Had Finland edged out the United States to make the final of the World Junior Championship earlier this month, we’d likely be talking about Dylan Cozens’ recent MVP effort.
Instead, he fell short of the title thanks to Trevor Zegras and didn’t get to bring home a gold medal, either, despite an incredible 16-point run that will be remembered as an all-time great performance for Team Canada.
But that’s in the past, and Cozens is in the big leagues now. His junior career is over. And that should get Sabres fans absolutely pumped about the future, especially after watching his debut on Thursday. Cozens assisted on Tobias Rieder’s goal in the second period to make the most of his 12:09 of ice time while looking noticeably like one of the best players on any given shift for the Sabres in a 6-4 loss to the Washington Capitals.
“Dylan played a very good first game, very calm,” Sabres coach Ralph Krueger said. “He never looked overwhelmed. I saw even a situation in the third period, he got hit by (defenseman Zdeno) Chara, no problem, he bounced right back at it.”
Yeah, imagine having to match up against a 6-foot-9 future Hockey Hall of Famer in your first game after playing against your teenage peers for a couple of weeks. But Cozens handled the challenge and simply didn’t look out of a place for a 19-year-old.
“I put in a lot of work this offseason to gain weight, get stronger so I can battle with guys at this level,” Cozens said. “I think I did pretty good out there. Obviously, guys are bigger, stronger, but I think I held my own in battles.”
Cozens’ situation would have been a challenge in a normal season. Had he made the Sabres out of camp, he likely wouldn’t have been given the opportunity to represent Canada internationally and build an even stronger resume. But had he not made the team, he would have been too young for the AHL’s Rochester Americans and would have been sent back to the WHL, where he had 222 points over 179 games. There simply wasn’t much left for him to prove at the junior level.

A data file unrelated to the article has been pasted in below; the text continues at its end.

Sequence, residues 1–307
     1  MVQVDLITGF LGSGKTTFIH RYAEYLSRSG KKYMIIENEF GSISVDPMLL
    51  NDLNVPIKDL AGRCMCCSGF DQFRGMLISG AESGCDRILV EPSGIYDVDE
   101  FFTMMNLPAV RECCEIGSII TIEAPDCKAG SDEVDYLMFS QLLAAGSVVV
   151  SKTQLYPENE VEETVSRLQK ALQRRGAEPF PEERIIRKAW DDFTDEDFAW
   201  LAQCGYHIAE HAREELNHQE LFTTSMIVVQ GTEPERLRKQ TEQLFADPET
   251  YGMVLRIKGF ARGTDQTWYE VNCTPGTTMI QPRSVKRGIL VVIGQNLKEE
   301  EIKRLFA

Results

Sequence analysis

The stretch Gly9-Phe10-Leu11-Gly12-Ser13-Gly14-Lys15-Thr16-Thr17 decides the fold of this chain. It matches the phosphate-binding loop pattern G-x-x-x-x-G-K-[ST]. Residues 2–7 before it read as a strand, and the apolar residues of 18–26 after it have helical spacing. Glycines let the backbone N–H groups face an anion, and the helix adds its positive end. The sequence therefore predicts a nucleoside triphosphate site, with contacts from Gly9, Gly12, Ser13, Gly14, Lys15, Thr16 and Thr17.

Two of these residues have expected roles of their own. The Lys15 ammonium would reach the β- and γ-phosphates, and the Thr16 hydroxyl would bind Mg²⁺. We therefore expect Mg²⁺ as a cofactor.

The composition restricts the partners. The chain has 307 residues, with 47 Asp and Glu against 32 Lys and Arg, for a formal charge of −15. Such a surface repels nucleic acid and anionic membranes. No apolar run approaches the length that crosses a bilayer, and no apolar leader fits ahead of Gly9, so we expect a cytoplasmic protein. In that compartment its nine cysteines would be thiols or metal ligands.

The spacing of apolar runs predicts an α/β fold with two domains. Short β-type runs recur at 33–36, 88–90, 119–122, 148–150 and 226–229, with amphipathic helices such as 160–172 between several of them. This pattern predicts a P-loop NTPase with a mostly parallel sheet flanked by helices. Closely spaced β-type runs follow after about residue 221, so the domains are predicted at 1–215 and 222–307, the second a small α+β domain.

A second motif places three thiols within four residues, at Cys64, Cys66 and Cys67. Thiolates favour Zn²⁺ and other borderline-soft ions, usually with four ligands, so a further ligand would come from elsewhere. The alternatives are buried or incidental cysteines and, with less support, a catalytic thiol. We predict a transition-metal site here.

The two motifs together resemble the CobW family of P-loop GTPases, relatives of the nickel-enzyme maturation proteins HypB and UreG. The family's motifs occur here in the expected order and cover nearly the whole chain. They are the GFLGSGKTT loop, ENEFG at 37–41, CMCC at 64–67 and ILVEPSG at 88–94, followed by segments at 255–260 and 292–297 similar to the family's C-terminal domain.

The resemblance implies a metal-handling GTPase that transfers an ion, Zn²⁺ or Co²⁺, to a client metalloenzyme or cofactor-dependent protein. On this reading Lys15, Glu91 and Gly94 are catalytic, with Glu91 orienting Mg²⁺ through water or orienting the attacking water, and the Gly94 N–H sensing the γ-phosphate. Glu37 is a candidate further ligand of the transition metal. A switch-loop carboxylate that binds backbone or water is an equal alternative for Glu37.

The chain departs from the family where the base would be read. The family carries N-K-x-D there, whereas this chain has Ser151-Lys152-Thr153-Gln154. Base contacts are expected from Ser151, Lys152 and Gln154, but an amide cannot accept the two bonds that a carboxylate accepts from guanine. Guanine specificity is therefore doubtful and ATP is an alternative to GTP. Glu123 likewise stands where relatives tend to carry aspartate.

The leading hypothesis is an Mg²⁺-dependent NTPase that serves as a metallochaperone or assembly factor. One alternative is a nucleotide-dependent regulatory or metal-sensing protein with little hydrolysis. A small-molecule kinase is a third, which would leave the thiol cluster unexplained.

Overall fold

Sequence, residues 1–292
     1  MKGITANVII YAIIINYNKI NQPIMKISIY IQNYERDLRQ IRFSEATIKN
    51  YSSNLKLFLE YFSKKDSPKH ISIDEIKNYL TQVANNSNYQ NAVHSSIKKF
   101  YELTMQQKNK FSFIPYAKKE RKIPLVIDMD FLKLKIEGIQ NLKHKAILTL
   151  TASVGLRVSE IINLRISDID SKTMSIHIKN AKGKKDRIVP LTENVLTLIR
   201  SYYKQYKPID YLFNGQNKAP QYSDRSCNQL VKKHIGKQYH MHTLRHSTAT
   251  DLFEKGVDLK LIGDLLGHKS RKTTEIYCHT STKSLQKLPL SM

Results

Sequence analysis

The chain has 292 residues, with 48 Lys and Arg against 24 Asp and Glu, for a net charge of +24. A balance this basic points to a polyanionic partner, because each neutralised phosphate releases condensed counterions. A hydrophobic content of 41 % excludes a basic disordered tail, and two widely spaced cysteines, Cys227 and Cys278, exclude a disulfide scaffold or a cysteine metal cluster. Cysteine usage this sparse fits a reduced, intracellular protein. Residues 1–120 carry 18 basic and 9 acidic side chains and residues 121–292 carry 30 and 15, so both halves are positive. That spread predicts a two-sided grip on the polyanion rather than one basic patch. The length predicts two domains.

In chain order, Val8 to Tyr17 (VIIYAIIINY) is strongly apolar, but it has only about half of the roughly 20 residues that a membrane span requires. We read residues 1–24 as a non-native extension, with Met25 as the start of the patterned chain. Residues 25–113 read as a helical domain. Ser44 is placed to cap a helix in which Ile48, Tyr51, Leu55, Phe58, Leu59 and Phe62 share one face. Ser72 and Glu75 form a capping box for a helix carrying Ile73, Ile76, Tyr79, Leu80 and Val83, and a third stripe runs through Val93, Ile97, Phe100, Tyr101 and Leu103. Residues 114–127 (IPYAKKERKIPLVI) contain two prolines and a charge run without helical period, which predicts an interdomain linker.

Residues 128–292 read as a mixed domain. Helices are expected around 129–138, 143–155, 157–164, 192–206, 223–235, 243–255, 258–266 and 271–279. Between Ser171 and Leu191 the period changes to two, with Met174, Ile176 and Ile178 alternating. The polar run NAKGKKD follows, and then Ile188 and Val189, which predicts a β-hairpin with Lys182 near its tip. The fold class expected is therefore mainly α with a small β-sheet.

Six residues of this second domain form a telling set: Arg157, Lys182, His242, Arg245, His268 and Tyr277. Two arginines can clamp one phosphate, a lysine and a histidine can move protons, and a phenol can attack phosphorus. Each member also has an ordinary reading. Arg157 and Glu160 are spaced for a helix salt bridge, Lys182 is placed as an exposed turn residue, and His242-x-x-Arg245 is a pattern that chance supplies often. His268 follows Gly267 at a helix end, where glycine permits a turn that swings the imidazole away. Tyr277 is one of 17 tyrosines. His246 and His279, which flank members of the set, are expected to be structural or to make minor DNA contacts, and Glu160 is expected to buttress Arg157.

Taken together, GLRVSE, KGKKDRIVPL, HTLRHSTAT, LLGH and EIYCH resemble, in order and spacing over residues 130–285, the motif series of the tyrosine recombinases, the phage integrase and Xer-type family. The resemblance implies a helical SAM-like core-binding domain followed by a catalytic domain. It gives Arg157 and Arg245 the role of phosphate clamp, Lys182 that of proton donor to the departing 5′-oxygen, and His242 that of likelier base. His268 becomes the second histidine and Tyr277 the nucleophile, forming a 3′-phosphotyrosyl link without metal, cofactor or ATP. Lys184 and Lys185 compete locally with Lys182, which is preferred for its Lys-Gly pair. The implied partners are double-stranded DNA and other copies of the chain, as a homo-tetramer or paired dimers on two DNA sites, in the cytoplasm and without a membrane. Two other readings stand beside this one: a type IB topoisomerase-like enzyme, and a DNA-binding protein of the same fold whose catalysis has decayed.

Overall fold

With nowhere else to go, Cozens joined Canada and was one of the tournament’s most outstanding players, and the clear No. 1 star for his country after the loss of Kirby Dach following a pre-tournament game. That ability to play in high-octane games while the rest of his Sabres teammates were preparing for training camp definitely helped him gain some confidence ahead of a rookie season that will see him compete against the likes of Alexis Lafreniere, Tim Stützle and Kirill Kaprizov for the Calder Trophy in one of the most stacked battles we’ve ever seen.
Of course, we’re talking about just one game here, but Cozens was ranked No. 7 in our annual Future Watch issue last year for a reason.
“The competitiveness, mixed with his size and speed, make him really special,” said Andre Tourigny, Cozens’ coach at the world juniors. “When you see a big boy like that who can move, who is so driven and plays with that pace…
“We could say that about a lot of players: They’re big, fast and skilled. But that doesn’t mean they play with pace. It doesn’t mean they play with that speed and desire to make plays. Dylan has that, though.”
It’s only a matter of time until Cozens moves from the third line and gets a shot to play on the wing of either Jack Eichel or Eric Staal. Cozens can play down the middle, too, but his versatility from both the wing and center positions makes him easy to move around the lineup. It’s a good place to start him, though, given his status as a rookie, so easing him in is the right call.
But Cozens isn’t going to let that happen for long. Once he’s comfortable, Cozens projects to be a top-six forward that can potentially play on the top line with Eichel and Taylor Hall later on. In Cozens, think Sam Reinhart, but faster and smarter away from the puck, and you’ve got a guy in Cozens that can provide a ton of value – and I believe at a much bigger scale, too.
You’ve got something here, Sabres fans.